Winter is almost over, but that’s no excuse for letting your driving skills slide. On the contrary, given the frequently unpredictable weather in this area, it’s important to drive defensively and stock your vehicle with the appropriate safety equipment.
“This time of year can be particularly problematic because of the wide range of temperatures and precipitation freezing on the roadways,” said Sgt. Scott Scarff of the Gaithersburg Police Department’s traffic unit. “You should always drive with caution when there’s precipitation because the road surface can be colder than the air.”
According to the American Automobile Association (AAA), you should keep several things in your vehicle when there is even a chance that inclement weather could send you into a ditch — or worse. At a minimum, make sure you have:
- a flashlight with fresh batteries;
- booster cables;
- flares or reflective triangles;
- a small bag of abrasive material, such as sand or cat litter, to help get your car unstuck;
- a cloth or a roll of paper towels;
- a small shovel;
- a cell phone;
- a can of de-icer; and
- an ice scraper.
Scarff emphasized the importance of having a way to alert other drivers if you get stuck on the side of the road.
“People should always have flares or warning triangles,” he said. “That’s very important all year long, not just in the winter.”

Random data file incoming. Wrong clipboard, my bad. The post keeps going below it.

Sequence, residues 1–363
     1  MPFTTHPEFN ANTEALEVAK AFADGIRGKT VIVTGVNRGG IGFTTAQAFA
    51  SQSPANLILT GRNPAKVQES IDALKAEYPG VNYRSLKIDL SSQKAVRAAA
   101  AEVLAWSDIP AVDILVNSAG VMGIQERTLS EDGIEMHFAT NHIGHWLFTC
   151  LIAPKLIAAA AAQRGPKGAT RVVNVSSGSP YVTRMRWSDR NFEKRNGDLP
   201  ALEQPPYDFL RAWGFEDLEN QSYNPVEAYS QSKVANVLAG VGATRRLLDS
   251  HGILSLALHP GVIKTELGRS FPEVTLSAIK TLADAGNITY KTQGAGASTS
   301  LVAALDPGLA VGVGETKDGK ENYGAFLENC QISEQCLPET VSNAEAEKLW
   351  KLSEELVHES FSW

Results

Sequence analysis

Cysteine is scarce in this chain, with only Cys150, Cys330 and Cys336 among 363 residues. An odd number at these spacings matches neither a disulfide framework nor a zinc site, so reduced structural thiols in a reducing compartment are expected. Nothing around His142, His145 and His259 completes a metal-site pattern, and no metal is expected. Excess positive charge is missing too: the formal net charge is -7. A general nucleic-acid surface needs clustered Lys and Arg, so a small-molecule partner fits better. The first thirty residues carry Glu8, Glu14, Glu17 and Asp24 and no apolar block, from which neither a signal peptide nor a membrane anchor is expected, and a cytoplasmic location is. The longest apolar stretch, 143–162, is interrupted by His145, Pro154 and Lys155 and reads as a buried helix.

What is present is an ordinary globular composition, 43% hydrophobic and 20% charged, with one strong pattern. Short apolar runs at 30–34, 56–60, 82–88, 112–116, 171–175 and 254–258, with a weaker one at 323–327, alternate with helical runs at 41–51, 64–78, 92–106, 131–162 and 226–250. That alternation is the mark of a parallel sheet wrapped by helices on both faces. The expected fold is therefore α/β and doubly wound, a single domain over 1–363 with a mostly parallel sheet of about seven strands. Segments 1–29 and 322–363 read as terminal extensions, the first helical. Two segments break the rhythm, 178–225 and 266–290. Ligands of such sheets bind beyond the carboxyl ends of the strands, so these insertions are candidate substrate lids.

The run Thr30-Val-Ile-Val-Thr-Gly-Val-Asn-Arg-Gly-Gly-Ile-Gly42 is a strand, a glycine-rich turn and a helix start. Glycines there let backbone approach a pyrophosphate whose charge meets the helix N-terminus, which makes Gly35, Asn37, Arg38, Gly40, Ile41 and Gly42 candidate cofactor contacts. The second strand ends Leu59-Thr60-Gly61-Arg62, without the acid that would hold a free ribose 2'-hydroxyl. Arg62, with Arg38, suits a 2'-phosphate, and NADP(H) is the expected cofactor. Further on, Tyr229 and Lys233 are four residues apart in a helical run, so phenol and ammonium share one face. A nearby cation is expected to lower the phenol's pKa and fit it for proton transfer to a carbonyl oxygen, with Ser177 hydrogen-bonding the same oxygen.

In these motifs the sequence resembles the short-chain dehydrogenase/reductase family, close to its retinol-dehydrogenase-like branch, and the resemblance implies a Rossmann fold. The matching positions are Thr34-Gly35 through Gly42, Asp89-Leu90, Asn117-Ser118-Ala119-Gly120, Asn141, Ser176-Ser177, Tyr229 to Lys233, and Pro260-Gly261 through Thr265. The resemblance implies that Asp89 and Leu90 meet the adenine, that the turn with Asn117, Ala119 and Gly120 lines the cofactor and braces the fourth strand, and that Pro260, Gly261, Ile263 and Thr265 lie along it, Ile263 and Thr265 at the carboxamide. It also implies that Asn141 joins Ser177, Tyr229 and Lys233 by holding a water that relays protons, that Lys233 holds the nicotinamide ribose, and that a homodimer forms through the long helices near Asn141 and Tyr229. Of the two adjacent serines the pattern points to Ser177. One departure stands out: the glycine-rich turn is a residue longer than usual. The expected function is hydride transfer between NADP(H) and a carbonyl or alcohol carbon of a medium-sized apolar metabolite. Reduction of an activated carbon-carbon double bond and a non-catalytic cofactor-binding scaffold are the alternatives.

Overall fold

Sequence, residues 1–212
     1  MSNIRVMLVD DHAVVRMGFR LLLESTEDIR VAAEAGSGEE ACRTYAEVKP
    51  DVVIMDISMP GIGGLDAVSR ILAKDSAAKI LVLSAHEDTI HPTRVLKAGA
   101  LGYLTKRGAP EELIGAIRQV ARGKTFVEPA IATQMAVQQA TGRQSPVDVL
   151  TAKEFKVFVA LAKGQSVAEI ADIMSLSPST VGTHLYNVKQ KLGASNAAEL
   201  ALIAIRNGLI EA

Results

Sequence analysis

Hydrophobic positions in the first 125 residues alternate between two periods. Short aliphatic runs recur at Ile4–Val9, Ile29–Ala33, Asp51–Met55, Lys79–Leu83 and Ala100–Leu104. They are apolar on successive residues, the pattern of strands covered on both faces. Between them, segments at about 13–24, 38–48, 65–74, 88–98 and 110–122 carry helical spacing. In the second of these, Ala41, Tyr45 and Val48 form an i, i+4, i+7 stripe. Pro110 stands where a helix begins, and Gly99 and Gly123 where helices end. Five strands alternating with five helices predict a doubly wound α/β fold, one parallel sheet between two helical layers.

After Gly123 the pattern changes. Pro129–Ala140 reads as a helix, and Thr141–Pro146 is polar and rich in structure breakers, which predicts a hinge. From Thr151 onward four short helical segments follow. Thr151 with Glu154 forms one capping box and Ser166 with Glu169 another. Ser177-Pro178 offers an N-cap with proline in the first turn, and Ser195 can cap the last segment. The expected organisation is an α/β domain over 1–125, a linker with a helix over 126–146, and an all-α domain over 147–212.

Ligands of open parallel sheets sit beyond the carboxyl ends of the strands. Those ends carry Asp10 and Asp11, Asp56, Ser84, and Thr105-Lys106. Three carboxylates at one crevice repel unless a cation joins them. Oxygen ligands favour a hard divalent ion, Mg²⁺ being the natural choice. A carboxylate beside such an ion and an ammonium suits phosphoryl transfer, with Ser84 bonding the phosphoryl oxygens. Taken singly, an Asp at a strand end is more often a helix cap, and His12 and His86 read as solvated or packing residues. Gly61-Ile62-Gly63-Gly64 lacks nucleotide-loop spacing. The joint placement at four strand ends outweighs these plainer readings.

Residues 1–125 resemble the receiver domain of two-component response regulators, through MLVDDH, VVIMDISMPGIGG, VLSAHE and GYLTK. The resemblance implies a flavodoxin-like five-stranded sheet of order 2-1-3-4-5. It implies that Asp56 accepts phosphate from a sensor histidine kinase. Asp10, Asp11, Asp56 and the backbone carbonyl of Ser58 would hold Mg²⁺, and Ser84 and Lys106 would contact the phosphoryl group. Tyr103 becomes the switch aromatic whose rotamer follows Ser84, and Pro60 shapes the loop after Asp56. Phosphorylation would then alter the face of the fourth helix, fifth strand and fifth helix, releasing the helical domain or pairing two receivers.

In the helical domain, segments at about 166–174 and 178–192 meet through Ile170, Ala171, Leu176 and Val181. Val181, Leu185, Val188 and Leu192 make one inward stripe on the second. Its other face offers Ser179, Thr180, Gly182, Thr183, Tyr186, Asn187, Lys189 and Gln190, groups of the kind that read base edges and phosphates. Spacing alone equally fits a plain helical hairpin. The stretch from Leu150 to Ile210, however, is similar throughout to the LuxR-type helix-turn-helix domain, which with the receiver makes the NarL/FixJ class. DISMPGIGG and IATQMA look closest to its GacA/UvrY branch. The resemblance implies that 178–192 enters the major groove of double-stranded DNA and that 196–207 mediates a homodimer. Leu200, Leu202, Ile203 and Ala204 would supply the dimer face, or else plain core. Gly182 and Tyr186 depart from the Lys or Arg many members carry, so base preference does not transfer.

To help prevent an accident in the first place when visibility is poor, increase your following distance, look farther ahead than usual, and pay special attention to bridges, on-ramps and other places where ice tends to accumulate.
If your best efforts fail and you find yourself beginning to skid, AAA and Scarff suggest easing up on the accelerator, keeping a firm grip on the wheel, and steering in the direction you want the front of the vehicle to go. That’s easier said than done in the heat of the moment, so think about how you would react beforehand.
Also, don’t assume you can relax if you have an SUV.
“I think people have gotten a false sense of security with four-wheel drive and all-wheel drive vehicles,” Scarff said. He said four- and all-wheel drive systems are designed to get a vehicle moving more easily and provide greater control while driving, but they do not increase stopping power.
With a little preparation and common-sense defensive driving habits, travel during the shoulder season can be just as safe as on a sunny day in June.
Proper vehicle maintenance is important. The American Automobile Association (AAA) suggests performing the following checks regularly with all vehicles:
- Recharge or replace weak batteries.
- Check fluid levels, battery posts, voltage regulator and alternator.
Windshield Wipers and Washers:
- Wiper blades should be replaced at least every six months.
- Also replace wiper blades if they are cracked or do not clear the windshield properly.
- Fill washer reservoir with high quality washer solution.
- Check for cracked lenses and proper operation.
- Check for smooth and consistent stopping.
- Replace tires if needed.
- Inflate them properly to improve vehicle control and gas mileage.
- Make sure they have sufficient tread, which allows water to escape and helps prevent hydroplaning.
- Check radiator hoses for cracks and leaks.
- Check fan belts for cracks and wear.
- Test defroster, heater and rear window defogger for proper operation.